Wednesday, March 11, 2015

Inaugural Southern Inyo Double Century

Last year a bunch of veteran Triple Crown riders and I did the test ride of this event. It was a challenging day as a storm had just passed and the usual wind conditions were much worse. We had gale force winds and dust most of the day but it was an incredible experience just the same with beautiful scenery all day.

The event was moved to a month earlier for the Inaugural event this year and it paid off. We had absolutely perfect conditions.

I carpooled this year with my good friends John Clare and his wife Melinda. We had a great and entertaining ride up to Lone Pine. The desert was green this year which was amazing and there were wild flowers popping up everywhere.
This was going to be John's 100th, (yes 100th), Triple Crown Double Century!
I was really excited for him.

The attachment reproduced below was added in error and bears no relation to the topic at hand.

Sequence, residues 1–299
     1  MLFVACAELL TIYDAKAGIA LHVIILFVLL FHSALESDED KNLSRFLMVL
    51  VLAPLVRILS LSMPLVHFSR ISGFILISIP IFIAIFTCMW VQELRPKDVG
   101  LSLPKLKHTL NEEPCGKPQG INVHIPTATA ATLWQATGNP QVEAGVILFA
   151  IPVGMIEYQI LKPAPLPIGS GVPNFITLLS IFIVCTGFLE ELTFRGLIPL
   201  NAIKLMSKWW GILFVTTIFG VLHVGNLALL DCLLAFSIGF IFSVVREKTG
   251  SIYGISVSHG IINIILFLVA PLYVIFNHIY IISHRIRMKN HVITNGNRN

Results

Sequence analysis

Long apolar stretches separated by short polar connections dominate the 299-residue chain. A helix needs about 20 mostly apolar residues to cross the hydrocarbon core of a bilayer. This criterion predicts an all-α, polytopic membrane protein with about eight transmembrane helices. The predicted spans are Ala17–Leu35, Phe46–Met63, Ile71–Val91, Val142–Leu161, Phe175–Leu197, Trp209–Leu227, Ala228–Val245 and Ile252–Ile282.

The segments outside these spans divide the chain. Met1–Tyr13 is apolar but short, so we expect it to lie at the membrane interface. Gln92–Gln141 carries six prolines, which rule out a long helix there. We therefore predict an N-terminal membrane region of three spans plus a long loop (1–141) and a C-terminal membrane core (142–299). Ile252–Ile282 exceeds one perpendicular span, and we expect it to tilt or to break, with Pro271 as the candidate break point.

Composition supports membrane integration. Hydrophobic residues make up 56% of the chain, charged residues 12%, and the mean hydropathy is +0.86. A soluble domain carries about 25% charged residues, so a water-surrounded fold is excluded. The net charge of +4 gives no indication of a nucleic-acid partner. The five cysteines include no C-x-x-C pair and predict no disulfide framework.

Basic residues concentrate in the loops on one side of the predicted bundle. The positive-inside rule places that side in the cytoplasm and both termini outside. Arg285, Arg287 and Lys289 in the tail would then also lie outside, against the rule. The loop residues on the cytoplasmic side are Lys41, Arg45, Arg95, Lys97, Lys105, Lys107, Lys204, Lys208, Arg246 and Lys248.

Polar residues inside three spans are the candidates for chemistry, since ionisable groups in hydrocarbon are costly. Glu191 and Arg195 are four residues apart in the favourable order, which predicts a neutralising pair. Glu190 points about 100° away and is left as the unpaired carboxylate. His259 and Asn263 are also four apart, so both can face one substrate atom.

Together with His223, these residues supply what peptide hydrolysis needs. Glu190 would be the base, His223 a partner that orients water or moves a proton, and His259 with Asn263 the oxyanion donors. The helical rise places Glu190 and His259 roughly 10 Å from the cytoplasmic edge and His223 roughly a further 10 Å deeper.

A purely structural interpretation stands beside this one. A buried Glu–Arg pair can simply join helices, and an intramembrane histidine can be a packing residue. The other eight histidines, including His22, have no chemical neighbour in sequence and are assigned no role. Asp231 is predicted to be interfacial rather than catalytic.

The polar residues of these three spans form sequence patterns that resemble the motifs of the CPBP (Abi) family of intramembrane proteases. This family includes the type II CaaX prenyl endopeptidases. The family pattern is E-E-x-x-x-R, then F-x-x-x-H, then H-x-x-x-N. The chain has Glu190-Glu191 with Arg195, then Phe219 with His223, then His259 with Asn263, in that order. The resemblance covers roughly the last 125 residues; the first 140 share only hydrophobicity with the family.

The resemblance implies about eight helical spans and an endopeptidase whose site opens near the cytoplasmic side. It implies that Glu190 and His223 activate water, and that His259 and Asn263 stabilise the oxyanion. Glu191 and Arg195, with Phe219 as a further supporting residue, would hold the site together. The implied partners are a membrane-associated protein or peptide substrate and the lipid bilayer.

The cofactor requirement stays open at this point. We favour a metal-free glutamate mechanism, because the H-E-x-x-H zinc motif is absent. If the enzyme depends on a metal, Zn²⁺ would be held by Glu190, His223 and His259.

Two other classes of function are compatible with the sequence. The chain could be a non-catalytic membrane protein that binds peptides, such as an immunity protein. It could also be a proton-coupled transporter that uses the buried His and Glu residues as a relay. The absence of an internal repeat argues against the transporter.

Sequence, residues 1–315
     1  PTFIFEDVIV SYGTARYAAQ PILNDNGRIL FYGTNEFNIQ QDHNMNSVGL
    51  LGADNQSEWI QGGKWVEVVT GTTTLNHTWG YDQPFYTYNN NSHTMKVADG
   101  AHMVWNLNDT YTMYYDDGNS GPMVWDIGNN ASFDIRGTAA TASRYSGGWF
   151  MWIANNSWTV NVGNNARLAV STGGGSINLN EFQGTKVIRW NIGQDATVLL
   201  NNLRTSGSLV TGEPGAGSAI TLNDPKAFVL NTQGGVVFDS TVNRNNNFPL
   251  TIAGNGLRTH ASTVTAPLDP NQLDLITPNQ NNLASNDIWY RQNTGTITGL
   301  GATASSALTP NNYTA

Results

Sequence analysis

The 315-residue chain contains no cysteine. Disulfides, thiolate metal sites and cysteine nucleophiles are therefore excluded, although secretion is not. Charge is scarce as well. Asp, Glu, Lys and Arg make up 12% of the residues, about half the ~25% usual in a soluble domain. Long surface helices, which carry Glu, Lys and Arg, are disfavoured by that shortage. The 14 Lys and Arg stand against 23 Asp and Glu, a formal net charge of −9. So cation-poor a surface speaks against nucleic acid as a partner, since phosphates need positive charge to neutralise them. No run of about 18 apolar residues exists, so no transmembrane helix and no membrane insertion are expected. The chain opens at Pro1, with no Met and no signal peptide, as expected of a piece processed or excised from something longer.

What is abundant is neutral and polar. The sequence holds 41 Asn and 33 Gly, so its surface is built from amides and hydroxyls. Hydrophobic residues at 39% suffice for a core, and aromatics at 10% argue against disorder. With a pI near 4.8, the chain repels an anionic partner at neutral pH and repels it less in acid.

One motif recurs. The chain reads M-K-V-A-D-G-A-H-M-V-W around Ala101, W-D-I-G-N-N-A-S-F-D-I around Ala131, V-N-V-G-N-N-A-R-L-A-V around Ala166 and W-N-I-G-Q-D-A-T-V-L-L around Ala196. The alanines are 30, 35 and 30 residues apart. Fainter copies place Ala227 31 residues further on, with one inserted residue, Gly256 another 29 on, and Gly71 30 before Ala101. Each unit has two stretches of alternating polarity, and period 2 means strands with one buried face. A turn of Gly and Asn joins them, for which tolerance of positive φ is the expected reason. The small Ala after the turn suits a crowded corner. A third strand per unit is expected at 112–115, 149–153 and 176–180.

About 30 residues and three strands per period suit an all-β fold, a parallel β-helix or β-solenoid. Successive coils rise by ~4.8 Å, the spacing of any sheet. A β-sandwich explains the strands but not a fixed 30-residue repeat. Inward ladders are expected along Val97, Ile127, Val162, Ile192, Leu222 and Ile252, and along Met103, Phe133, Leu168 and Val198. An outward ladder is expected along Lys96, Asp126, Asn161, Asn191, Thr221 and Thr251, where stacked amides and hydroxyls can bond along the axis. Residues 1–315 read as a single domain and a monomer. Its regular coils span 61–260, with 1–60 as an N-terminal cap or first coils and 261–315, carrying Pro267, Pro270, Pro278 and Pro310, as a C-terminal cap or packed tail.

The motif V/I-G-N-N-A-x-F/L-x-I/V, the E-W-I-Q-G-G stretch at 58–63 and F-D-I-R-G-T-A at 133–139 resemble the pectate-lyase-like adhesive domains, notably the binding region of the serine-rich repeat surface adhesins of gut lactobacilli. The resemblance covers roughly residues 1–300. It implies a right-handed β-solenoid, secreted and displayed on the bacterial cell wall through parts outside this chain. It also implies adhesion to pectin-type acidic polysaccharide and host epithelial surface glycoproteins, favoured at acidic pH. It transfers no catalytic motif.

A whole bunch of us were planning on sharing this epic milestone with John. There was an epic turnout for an inaugural event. Over 100 riders!

The course:
The event starts in the beautiful town of Lone Pine California, a very historic town on Highway 395 at the foot of the majestic Mount Whitney
The event starts with a spin south on the 395 for 37 miles before turning around at Coso Junction  and heading back up 395. We then turn toward the Death Valley west entrance on Highway 190 along the south side of Owens Lake.
We turn around at the Death Valley entrance and roll around the east side of Owens Lake for lunch at the historic town of Keeler, Ca.
We then continue on Highway 136 along the lake back to Lone Pine.
Its then south again on the 395 for a few miles to Lubken Canyon Road for a stiff climb to Horseshoe Meadows Road. We climb south then turn around to Whitney Portal road before heading back to Lone Pine again.
One final 57 mile loop around the lake, this time in a clockwise direction and we return to finish the ride.

Part one:    Start to Coso Junction.  37.5 miles.

John and I decided to start at the late start time around 6 am.